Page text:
As was true with other early civilizations, the early Greeks viewed the earth as the center of the universe. Aristotle (384 to 322 B.C.), in summarizing the best Greek understanding, claimed that all earthly material was composed of four elements: Earth, Water, Air, and Fire. And the heavens were composed of an entirely different fifth element: Æther. With such understanding, the only conceivable place for life was on Earth although our ætherial souls might float up to heaven or down to the underworld after our death. All heavenly objects including the Sun and Moon and other wandering planets circled about the Earthly inhabitants daily.
After measuring the Sun to be larger than the Earth, Aristarchos of Salmos, (f 280BC) proposed that perhaps the Earth might actually orbit the Sun. But the Greeks could find no observable evidence to support that proposal. Only because Nicholas Koppernigk (he Latinized to Copernicus, 1473-1543) considered the elaborate heavenly system of Claudius Ptolemy of Alexandria (87 -150 AD) contained imperfections and non-circular motion did he reconsider Aristarchos proposal and introduce a solar system with exclusively perfect circular motions. The Copernican System was largely considered an unreasonable curiosity until newly calculated tide tables based on it proved to be more accurate than badly outdated tide tables based on Ptolemy's model. From an intellectual view point, Johannes Kepler (1571-1630 below left) discovered that Copernicus' spacing of the planet orbits miraculously fit the geometry of the five only known perfect solids. About the same time Galileo Galilei (1564-1642) constructed an early telescope and noticed imperfections in the form of spots on the Sun, moons that orbit Jupiter and not the Earth, and what appeared to be mountains and valleys on the Moon similar to those on Earth. Suddenly it seemed plausible that the Earth was a mere planet just like the other known planets. And if that were true, perhaps those planets might also have life much like that on Earth.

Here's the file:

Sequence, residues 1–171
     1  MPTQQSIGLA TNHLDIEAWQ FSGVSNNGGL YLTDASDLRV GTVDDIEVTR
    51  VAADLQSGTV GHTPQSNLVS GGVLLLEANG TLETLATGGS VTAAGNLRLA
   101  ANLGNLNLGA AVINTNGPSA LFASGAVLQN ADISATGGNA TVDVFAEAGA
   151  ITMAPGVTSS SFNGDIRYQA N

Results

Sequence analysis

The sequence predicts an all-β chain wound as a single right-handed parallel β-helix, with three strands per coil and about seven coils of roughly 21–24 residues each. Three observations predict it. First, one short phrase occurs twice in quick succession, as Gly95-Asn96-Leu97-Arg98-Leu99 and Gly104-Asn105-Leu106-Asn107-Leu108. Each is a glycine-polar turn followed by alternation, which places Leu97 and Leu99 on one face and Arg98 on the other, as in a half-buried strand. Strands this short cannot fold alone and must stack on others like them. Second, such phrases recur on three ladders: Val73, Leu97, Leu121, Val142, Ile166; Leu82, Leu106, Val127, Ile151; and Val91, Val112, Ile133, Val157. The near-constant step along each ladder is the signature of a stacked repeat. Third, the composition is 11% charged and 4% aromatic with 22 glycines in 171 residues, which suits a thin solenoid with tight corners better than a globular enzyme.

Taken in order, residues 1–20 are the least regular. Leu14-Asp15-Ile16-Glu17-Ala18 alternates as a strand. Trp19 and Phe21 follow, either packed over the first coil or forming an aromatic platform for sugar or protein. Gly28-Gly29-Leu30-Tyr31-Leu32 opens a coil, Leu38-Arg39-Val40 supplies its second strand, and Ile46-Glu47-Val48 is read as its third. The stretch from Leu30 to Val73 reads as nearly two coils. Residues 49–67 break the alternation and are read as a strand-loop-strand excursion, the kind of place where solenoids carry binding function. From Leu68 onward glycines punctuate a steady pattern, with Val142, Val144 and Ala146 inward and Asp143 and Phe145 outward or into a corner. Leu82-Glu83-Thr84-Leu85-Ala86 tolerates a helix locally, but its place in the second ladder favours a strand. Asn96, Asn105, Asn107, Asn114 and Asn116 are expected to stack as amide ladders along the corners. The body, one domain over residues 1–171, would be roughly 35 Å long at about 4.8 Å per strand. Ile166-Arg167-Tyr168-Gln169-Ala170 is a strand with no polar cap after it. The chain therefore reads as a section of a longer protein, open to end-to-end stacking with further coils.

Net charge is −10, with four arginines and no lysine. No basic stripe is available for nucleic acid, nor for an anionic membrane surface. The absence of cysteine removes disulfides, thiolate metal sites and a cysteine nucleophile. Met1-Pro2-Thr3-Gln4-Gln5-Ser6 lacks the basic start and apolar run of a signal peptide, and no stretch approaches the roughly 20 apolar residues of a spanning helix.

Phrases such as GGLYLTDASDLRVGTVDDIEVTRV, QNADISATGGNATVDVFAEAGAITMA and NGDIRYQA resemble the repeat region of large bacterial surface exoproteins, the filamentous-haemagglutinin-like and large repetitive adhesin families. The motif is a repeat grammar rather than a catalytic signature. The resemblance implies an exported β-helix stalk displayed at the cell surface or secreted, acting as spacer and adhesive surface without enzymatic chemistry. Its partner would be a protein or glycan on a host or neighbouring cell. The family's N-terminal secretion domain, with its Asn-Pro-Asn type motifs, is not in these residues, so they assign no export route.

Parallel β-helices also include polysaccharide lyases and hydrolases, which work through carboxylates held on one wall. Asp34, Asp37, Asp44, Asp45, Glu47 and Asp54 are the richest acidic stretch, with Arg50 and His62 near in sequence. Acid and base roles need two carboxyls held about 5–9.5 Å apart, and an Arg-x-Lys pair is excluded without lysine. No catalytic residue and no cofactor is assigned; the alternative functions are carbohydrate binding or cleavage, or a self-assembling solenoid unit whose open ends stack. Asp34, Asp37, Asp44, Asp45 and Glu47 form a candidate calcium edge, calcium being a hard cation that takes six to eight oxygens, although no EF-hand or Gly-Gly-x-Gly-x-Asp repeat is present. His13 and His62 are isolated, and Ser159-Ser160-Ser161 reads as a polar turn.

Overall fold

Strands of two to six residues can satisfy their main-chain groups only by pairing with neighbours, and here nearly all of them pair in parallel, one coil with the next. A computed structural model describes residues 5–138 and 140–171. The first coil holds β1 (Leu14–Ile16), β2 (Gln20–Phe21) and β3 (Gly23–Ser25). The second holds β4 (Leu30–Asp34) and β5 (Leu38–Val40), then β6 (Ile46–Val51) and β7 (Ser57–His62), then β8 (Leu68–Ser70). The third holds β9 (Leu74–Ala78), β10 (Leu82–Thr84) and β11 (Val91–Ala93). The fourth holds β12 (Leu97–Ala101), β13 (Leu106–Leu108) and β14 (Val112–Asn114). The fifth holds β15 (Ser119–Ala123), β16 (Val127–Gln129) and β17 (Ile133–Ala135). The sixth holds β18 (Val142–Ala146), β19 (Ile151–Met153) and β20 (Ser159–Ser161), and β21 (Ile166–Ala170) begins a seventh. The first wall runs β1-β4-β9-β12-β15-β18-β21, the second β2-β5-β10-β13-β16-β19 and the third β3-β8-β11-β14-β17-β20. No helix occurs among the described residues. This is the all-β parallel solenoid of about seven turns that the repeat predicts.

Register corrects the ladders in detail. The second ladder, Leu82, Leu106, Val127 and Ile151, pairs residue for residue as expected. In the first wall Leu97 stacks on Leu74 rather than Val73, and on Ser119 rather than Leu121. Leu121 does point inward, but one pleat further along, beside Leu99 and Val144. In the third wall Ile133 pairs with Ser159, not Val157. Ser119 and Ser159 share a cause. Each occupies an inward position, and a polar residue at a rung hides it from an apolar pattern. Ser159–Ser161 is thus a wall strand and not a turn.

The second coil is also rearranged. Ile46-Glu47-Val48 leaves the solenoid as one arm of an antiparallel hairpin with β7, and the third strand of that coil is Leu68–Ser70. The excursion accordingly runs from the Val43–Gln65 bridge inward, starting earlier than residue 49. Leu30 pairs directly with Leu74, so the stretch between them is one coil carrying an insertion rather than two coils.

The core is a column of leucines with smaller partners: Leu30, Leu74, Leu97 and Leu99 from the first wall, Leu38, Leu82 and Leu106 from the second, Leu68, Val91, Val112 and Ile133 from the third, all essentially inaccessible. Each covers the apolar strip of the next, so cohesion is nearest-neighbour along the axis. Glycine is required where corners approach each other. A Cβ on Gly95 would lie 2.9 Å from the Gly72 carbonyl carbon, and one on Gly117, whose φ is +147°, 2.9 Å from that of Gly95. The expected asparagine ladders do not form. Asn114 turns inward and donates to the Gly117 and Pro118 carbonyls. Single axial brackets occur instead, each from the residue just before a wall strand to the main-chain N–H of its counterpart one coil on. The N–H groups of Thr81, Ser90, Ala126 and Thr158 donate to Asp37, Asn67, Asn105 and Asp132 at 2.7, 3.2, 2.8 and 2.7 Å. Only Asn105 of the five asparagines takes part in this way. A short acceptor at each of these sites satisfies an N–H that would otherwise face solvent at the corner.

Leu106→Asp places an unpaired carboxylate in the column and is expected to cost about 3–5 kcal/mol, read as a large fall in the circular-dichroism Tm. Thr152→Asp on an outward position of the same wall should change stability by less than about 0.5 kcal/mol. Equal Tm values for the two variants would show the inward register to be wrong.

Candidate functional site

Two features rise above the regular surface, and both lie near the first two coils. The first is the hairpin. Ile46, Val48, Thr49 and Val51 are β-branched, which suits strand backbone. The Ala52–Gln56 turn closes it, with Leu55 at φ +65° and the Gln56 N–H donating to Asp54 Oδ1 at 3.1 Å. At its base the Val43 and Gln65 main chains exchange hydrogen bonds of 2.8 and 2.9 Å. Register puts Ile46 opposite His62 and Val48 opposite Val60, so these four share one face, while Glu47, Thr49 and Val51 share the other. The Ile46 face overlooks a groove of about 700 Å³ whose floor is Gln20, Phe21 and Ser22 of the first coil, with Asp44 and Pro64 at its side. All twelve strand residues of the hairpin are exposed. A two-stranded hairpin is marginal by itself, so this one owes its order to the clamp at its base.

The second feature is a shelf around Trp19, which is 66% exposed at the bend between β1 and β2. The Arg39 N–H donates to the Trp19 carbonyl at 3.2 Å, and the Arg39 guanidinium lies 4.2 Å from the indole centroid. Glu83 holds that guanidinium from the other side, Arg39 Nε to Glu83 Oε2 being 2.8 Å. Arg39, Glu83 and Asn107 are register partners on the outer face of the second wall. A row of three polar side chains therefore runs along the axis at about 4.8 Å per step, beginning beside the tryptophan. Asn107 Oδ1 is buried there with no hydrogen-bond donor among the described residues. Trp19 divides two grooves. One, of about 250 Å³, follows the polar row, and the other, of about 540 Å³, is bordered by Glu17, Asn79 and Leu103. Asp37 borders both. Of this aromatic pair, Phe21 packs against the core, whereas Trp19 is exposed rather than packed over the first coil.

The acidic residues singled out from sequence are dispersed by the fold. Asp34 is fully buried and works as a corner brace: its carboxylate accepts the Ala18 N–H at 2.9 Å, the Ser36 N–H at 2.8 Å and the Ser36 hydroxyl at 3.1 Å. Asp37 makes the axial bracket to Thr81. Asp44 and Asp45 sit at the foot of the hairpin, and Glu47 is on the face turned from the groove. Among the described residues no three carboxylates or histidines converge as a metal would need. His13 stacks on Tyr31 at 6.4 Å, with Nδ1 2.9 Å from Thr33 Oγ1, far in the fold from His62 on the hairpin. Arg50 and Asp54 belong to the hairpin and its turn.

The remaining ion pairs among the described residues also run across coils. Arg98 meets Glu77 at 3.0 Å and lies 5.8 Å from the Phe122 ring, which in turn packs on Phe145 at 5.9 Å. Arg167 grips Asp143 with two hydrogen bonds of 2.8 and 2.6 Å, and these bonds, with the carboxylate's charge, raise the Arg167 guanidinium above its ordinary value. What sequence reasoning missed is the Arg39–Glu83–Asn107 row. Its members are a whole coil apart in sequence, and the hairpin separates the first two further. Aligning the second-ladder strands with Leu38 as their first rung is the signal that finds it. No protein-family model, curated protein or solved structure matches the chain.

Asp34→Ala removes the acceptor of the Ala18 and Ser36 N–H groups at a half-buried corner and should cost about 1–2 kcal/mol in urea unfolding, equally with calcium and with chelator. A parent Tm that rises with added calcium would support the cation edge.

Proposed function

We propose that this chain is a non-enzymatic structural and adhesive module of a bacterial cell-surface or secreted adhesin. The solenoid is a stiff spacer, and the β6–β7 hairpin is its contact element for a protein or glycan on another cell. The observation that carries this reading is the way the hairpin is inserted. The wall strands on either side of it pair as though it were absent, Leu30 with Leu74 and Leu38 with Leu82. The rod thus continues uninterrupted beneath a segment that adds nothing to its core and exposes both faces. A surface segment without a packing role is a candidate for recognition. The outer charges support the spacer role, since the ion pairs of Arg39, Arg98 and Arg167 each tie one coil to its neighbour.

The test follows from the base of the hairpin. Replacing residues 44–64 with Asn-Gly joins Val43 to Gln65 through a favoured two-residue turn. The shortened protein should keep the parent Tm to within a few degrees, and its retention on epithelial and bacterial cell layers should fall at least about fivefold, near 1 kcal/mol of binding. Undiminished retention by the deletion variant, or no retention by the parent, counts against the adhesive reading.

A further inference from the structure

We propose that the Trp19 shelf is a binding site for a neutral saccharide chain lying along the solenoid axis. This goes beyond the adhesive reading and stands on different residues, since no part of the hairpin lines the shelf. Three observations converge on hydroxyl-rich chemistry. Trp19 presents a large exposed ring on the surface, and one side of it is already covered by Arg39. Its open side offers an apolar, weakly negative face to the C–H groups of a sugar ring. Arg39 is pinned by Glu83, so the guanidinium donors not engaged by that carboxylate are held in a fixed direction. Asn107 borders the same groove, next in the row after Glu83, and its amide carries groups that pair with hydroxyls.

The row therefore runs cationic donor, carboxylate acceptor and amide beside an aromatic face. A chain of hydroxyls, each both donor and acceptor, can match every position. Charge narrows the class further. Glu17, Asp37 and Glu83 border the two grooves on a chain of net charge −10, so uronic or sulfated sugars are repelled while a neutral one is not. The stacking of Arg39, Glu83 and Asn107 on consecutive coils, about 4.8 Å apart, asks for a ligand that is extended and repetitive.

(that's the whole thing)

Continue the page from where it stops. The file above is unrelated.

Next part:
75 years before Newton proposed universal gravity, Kepler came close to suggesting that concept in his Astronomia Nova. Over the last 20 years of his life, Kepler wrote and from time to time added notes to the Somnium, which some consider the first modern science fiction. Published incomplete after Kepler's death, the book describes an Icelandic boy who, on returning from studying with Tycho de Brahe on the Isle of Hveen, is treated by his mother to a supernatural journey to the Moon. Kepler describes the protection needed to survive the initial shock (acceleration) of the journey, immense cold and inhibited respiration, and reaching a point where attraction to Earth is balanced by attraction to the Moon (zero gravity) before being pulled down to the Moon. Kepler describes how there are different creatures and life forms on the Moon adapted to more extreme temperatures caused by the twelve times longer days and nights. Kepler even describes tides on the Moon caused by joint attraction by the Sun and Earth! The reduced gravity on the Moon results in taller mountains, plants, and other creatures. The temperature extremes effect life spans, skin coverings, breathing, and life styles.
Three and a half centuries later, German development of rocket weapons during World War II led after the war to use of rocket propelled missiles to orbit satellites. This allowed scientific research above the atmosphere looking outward towards space and downward gaining expansive views of Earth. In 1961 President John F. Kennedy challenged the United States to land a man on the moon by the end of the decade. While astronauts found no life on the Moon, there was much increased interest in possible extra terrestrial life. Claims for spotting unidentified flying objects, UFOs, increased dramatically.
In 1959 Philip Morrison and Giuseppe Cocconi were young physicists at Cornell University interested in gamma rays. Morrison recalled that
One spring day in 1959 my ingenious friend Giuseppe Cocconi came into my office and posed an unlikely question: would not gamma rays, he asked, be the very medium of communication between the stars? Morrison agreed that gamma rays would work, but suggested they should consider the entire electromagnetic spectrum for its possibilities. The result of this brainstorming was a short two-page article, which was published in Nature in September, 1959. Entitled Searching for Interstellar Communications, it is now considered the founding document of modern SETI.